Published at Tuesday, May 08th 2018. by Margarita Yelizaveta in Toilet Seat.
The standard height for a toilet seat is 17 inches one inch lower than the standard height for a chair seat. However most manufacturers also produce at least some of their models in a “comfort” height which is typically 19 inches. From a medical perspective lower toilet seats are recommended for typical users. However for those who have trouble getting into and out of a sitting position (such as the elderly or even simply the very tall) the comfort-height seat may be easier to use. If you don’t find standard toilets to be an issue ignore the comfort option and worry more about the distance your toilet sits from the wall.
Jean-Jacques L’Henaff vice president of design at American Standard continues to push for simpler surfaces that make the toilet easier to clean. Rather than the exposed trapways on traditional toilets (think of that tube-like protrusion below the bowl) newer models have smooth-surface skirts that leave fewer lines and seams and expressions to clean and also hide some of the working parts of the toilet. “We want you to see as little as possible” L’Henaff says.
Historically this two-sided development has a lot to do with the amount of fiber people consume (less in the U.S. and the U.K.) weather culture religion and more. And there are pros and cons to each side. One common argument is that bidets waste more water than toilet paper. But many experts say that the amount of water it takes to make toilet paper exceeds that used by bidets.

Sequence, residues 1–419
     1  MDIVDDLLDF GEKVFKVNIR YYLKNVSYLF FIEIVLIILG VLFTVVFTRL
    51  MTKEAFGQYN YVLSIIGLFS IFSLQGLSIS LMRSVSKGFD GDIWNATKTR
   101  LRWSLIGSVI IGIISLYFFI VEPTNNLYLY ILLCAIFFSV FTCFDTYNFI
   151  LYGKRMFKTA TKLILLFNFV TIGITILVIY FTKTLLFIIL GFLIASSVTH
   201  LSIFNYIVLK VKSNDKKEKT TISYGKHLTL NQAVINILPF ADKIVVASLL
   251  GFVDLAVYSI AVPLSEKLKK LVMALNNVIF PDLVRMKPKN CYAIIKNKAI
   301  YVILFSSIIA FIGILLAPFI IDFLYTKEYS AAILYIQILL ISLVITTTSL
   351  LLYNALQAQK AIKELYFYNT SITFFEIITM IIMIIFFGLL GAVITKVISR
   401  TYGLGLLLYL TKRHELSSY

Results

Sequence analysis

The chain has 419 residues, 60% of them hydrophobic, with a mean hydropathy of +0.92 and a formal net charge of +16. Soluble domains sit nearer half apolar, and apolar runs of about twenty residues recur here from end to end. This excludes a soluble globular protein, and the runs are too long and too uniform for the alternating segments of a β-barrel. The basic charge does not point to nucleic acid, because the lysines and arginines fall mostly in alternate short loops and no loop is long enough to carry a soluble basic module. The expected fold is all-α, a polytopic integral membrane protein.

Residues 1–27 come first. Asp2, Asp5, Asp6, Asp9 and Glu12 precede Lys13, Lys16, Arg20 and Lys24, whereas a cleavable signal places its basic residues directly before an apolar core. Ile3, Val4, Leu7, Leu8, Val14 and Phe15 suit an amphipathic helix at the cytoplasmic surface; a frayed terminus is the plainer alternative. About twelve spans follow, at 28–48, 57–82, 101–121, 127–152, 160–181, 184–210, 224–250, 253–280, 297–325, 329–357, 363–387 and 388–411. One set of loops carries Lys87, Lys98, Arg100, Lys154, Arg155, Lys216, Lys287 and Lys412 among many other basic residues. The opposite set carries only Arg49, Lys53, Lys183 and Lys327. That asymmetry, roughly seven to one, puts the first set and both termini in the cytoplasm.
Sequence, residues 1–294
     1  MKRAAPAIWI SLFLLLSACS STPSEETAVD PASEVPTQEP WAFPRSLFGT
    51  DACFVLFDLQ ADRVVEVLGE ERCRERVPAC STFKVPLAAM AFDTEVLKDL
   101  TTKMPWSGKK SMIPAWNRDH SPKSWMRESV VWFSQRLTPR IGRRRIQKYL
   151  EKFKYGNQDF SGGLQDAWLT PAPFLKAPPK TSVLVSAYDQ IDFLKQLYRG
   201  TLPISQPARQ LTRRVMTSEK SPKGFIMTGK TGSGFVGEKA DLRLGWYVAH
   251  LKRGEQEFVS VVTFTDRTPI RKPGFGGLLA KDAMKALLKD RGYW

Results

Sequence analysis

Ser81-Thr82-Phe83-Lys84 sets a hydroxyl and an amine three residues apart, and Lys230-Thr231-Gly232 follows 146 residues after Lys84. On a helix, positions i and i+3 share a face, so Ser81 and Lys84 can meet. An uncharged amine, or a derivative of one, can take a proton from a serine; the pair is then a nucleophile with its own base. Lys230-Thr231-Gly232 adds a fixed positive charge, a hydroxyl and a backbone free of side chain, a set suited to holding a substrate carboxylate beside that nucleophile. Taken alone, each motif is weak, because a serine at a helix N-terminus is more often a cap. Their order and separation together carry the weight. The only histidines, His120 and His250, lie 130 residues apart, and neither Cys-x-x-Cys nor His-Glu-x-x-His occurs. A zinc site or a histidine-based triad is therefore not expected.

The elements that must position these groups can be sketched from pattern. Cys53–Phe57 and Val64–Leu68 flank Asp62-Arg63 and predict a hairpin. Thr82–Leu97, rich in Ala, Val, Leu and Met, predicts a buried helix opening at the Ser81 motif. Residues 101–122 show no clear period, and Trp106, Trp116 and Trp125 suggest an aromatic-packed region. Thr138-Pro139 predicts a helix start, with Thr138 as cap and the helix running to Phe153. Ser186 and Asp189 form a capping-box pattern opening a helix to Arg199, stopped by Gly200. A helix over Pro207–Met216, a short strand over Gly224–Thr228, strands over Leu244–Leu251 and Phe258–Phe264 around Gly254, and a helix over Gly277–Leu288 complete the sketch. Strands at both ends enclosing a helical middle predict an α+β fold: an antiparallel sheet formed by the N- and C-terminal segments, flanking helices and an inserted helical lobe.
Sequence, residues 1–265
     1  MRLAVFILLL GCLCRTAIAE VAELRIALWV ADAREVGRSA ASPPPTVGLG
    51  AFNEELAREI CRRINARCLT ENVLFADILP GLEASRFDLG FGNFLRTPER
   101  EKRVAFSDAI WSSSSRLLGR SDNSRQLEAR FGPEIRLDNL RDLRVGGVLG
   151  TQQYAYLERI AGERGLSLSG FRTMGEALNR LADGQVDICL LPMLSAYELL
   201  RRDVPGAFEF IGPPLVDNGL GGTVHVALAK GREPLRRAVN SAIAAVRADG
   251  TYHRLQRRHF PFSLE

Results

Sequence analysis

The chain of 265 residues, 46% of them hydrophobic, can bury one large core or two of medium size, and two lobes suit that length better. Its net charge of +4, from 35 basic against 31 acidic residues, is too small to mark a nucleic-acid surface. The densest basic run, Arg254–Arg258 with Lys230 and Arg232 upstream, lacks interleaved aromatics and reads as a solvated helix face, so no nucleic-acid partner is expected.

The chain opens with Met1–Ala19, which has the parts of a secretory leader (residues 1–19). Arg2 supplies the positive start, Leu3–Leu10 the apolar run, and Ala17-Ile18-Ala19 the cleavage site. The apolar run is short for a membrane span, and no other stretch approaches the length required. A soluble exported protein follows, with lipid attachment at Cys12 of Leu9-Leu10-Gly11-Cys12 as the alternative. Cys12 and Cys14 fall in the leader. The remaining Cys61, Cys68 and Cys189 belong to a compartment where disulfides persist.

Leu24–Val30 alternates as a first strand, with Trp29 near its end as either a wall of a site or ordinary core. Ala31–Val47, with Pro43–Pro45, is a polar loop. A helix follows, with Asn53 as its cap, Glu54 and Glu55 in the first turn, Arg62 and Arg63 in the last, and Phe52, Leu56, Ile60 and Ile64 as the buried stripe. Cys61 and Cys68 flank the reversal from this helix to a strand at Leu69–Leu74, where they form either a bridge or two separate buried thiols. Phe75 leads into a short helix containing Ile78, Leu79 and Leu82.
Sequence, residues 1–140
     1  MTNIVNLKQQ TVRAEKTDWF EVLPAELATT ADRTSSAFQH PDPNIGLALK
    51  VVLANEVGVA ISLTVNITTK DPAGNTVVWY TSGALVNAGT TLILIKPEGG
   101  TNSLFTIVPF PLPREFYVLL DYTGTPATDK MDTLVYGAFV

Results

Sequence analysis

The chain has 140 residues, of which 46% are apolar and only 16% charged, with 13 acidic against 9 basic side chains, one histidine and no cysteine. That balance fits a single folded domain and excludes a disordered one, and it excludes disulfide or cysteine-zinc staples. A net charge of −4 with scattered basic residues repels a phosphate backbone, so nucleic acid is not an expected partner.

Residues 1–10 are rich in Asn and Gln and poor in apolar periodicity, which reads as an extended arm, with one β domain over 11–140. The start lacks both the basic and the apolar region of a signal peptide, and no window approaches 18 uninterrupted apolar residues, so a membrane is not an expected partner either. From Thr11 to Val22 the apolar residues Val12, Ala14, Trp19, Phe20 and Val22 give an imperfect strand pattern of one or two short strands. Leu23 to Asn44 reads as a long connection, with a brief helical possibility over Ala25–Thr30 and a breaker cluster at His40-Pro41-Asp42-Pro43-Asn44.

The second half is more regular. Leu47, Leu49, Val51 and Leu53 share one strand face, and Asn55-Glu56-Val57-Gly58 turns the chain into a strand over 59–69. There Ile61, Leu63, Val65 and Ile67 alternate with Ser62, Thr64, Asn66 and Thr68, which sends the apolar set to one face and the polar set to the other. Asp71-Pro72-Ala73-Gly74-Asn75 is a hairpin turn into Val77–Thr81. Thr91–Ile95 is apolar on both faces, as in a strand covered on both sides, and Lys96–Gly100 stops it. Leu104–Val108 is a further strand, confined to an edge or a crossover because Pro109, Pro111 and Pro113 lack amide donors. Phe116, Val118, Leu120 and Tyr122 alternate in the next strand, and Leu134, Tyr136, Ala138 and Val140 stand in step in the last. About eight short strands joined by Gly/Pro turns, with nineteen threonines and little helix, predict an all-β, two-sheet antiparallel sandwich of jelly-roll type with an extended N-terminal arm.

Guy says the amperage needed for a smart toilet is very low and having an electrician run an outlet near the toilet is pretty straightforward and easy. In the worst case scenario you can install a wire along the wall with a casing over it. He does warn that the all-inclusive smart toilet models require power to flush the toilet. So if the power goes out your toilet won’t work.
“They’re fantastic” Guy says of the new smart toilets. “We are not using as much water. Bidet seats are reducing the amount of paper use after you’ve gone number two. Low-flush toilets have caused nothing but issues with clogged sewer lines”. Toto’s Strang agrees. “The next step of toilet evolution is getting down to the lowest possible water consumption” he says. Most Toto toilets now flush with only 1 gallon vs. the national standard of 1.6 gallons per flush. “We’re phasing out all higher-flush toilets and moving down to the 1-gallon solution” he says. But water conservation isn’t the only hurdle toilet manufacturers face.
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